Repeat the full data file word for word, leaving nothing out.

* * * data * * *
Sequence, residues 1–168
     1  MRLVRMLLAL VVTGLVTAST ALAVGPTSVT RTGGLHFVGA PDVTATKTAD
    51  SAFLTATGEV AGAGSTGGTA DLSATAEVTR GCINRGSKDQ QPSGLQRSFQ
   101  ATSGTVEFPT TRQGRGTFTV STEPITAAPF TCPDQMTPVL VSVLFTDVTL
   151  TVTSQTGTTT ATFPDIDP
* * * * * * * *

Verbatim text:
Sequence, residues 1–168
     1  MRLVRMLLAL VVTGLVTAST ALAVGPTSVT RTGGLHFVGA PDVTATKTAD
    51  SAFLTATGEV AGAGSTGGTA DLSATAEVTR GCINRGSKDQ QPSGLQRSFQ
   101  ATSGTVEFPT TRQGRGTFTV STEPITAAPF TCPDQMTPVL VSVLFTDVTL
   151  TVTSQTGTTT ATFPDIDP